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Charles Nelson Reilly

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CALIFORNIA | LOCAL
May 28, 2007
Charles Nelson Reilly, 76, who won a Tony Award for the role of Bud Frump in the original 1962 Broadway production of "How to Succeed in Business Without Really Trying" and later became known for his ribald appearances on the "Tonight Show" and various game shows, died Friday in Los Angeles of complications from pneumonia, his partner, Patrick Hughes, told the New York Times. A full obituary will appear in the Los Angeles Times on Tuesday.
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ENTERTAINMENT
November 9, 2007 | Gary Goldstein; Robert Abele
Though best remembered for his irreverent 1970s and '80s TV game show appearances, funnyman Charles Nelson Reilly (who died of pneumonia last May) also had a colorful family and a lengthy, award-winning acting career. It's all enjoyably recounted in "The Life of Reilly," a filmed adaptation of his oft-staged one-man show, shot in 2004 during two final performances at North Hollywood's El Portal Theatre.
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CALIFORNIA | LOCAL
May 29, 2007 | Valerie J. Nelson, Times Staff Writer
Charles Nelson Reilly, whose persona as a wacky game show panelist and talk show guest overshadowed his serious work as a director and Tony-winning actor, has died. He was 76. Reilly, a longtime resident of Beverly Hills, died Friday of complications from pneumonia at UCLA Medical Center, said Paul Linke, who directed Reilly's one-man show "Save It for the Stage: The Life of Reilly." "The average person thinks of him as being on 'The Match Game.'
ENTERTAINMENT
June 2, 2007
THANKS for Charles McNulty's thoughtful piece on Charles Nelson Reilly ["A Gift for Connecting," May 30]. As usual, it's the funny people who turn out to be the most serious and intelligent folks in showbiz. It's too bad that most people will only remember him for "Match Game." RICHARD ZUELCH Lakewood I was lucky enough to know Charles Nelson Reilly. He was a loving, funny and caring guy. He was a great teacher and a wonderful director. I remember one day, I was shopping at Ralphs on Coldwater and Ventura Boulevard in Sherman Oaks.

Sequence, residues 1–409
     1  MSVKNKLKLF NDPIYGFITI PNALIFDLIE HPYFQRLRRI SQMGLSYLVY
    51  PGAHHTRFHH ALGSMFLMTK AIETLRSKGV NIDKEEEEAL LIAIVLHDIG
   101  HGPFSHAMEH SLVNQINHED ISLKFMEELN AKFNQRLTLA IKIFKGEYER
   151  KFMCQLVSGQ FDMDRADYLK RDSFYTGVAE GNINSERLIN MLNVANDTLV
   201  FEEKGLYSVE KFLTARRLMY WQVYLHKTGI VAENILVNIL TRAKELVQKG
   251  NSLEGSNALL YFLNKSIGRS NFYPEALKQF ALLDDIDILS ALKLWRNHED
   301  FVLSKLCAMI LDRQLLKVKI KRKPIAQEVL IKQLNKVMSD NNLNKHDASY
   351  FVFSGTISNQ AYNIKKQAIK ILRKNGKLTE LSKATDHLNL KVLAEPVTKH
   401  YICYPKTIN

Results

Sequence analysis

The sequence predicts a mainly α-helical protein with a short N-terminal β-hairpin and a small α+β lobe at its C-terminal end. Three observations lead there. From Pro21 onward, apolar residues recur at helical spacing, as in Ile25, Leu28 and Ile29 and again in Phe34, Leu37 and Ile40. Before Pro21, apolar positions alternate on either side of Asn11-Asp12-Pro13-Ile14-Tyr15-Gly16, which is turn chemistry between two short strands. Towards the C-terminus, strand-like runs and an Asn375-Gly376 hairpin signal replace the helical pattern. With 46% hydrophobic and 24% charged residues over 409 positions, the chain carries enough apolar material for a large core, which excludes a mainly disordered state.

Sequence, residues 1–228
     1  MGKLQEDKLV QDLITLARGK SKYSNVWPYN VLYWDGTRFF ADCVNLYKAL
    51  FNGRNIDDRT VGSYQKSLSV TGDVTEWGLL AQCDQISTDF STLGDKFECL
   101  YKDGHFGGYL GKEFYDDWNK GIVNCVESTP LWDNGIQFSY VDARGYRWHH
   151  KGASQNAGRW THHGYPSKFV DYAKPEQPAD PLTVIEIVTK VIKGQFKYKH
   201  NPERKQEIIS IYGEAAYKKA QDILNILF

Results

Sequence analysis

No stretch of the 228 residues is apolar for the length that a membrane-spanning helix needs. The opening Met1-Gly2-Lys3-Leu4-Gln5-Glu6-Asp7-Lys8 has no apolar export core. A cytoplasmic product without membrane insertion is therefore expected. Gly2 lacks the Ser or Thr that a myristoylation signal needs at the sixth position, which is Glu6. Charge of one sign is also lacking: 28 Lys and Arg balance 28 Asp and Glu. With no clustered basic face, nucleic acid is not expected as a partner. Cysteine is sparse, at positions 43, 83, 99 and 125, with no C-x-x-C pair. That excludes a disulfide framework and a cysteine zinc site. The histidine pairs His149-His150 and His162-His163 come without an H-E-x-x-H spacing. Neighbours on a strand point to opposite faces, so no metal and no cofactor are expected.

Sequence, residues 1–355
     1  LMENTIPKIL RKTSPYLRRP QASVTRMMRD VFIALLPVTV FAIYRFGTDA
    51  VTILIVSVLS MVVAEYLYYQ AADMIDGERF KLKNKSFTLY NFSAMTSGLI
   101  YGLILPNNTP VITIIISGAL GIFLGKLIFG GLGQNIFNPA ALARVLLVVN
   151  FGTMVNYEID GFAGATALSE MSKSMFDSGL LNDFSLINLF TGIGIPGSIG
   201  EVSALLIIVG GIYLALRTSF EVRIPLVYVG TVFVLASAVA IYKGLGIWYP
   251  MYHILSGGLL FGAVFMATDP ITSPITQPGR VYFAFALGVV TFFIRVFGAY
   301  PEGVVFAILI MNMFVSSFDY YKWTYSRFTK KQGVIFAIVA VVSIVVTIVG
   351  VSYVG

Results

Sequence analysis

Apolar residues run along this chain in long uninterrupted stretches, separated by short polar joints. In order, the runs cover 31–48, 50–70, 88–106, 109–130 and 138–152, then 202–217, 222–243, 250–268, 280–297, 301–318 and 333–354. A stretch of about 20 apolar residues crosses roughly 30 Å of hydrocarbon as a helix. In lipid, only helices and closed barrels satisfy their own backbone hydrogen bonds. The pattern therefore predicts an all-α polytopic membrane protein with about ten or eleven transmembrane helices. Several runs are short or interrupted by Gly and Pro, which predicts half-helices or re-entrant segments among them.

ENTERTAINMENT
May 30, 2007 | Charles McNulty, Times Staff Writer
In the '70s, a golden age of TV comedy, the two funniest men on the air were launching their wit from most unlikely platforms -- network game shows. No one on Peter Marshall's "Hollywood Squares" could compete with center square Paul Lynde, whose riotous ripostes were typically underscored by a sinister, almost sniveling laugh.
ENTERTAINMENT
July 9, 2000 | DARYL H. MILLER, Daryl H. Miller is a Los Angeles-based entertainment reporter
Sitting down to talk about his life in show business, Charles Nelson Reilly begins: "Paris. I was born in Paris." His face, however, indicates otherwise. Blooming there is one of his trademark grins, which seems to defy human musculature by stretching in a long, tight line from one jaw socket to the other. Truth is, the 69-year-old comic actor confesses, he was born in the Bronx. He'll get to that in a minute; but in the meantime, why not have a little fun? "I have a good time," he says.
NEWS
September 2, 1994 | JAMES E. FOWLER, TIMES STAFF WRITER
A new comedy, "The Wives," which opens next week at the Ventura Court Theatre in Studio City, is directed by television personality Charles Nelson Reilly. Reilly is probably best-known as a celebrity game-show contestant on programs such as "The Match Game" and "Hollywood Squares." His zany comic style makes it easy to forget that he also is an accomplished, award-winning actor and director. Born in New York, Reilly studied acting with Uta Hagen.
NEWS
June 3, 1986
Comedian Charles Nelson Reilly filed suit in Los Angeles Superior Court over injuries suffered last year while performing on a circus set at Caesar's Palace in Las Vegas. The lawsuit alleges that Caesar's Palace Corp., Circus of the Stars and other co-defendants associated with the facility were guilty of negligence in that Reilly "was caused to slip and fall on animal feces on the floor."
ENTERTAINMENT
September 10, 2000
The portion of Jan Breslauer's story on Julie Harris and the serendipitous eavesdropping by Charles Nelson Reilly on the conversation at Sardi's between Don Gregory and Mike Merrick and their hope to produce a one-person show omitted a very telling plot point ("Sharing the Soul of the Poet," Sept. 3). As recounted by Reilly in his "Save It for the Stage," producers Gregory and Merrick wanted the star (Harris) and the play ("The Belle of Amherst") but not Reilly, who conceived the project, engaged the writer (William Luce)
ENTERTAINMENT
June 2, 2007
THANKS for Charles McNulty's thoughtful piece on Charles Nelson Reilly ["A Gift for Connecting," May 30]. As usual, it's the funny people who turn out to be the most serious and intelligent folks in showbiz. It's too bad that most people will only remember him for "Match Game." RICHARD ZUELCH Lakewood I was lucky enough to know Charles Nelson Reilly. He was a loving, funny and caring guy. He was a great teacher and a wonderful director. I remember one day, I was shopping at Ralphs on Coldwater and Ventura Boulevard in Sherman Oaks.